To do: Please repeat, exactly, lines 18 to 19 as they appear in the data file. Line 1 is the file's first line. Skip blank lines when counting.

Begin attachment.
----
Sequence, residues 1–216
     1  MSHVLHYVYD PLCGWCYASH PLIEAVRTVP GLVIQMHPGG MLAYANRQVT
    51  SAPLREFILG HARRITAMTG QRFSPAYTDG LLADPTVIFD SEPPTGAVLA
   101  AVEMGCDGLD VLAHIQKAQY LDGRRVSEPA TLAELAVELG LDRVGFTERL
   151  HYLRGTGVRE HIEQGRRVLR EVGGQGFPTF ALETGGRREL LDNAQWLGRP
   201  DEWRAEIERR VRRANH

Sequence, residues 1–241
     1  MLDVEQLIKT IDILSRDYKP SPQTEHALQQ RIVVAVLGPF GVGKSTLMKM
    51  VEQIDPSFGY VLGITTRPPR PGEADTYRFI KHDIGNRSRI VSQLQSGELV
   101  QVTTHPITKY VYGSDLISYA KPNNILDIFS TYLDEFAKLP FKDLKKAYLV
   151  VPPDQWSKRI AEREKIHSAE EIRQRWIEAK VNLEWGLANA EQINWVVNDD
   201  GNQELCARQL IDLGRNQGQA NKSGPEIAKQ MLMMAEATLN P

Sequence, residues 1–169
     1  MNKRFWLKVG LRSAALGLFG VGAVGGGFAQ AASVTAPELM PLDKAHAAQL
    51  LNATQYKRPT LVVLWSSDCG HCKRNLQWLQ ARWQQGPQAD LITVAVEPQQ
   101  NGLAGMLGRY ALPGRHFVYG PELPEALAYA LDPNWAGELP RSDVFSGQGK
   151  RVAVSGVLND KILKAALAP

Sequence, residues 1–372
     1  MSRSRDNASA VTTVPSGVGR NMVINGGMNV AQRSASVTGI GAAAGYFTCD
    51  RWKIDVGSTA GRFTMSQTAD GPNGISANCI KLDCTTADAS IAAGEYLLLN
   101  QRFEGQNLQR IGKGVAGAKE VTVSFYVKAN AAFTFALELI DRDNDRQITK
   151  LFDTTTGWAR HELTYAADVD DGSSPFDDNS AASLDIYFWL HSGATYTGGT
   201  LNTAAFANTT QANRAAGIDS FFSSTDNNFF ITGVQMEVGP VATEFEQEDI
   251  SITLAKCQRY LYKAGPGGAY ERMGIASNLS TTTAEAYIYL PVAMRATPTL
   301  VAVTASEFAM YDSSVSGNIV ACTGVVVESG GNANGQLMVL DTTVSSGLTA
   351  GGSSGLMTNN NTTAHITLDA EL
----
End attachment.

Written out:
Sequence, residues 1–372
     1  MSRSRDNASA VTTVPSGVGR NMVINGGMNV AQRSASVTGI GAAAGYFTCD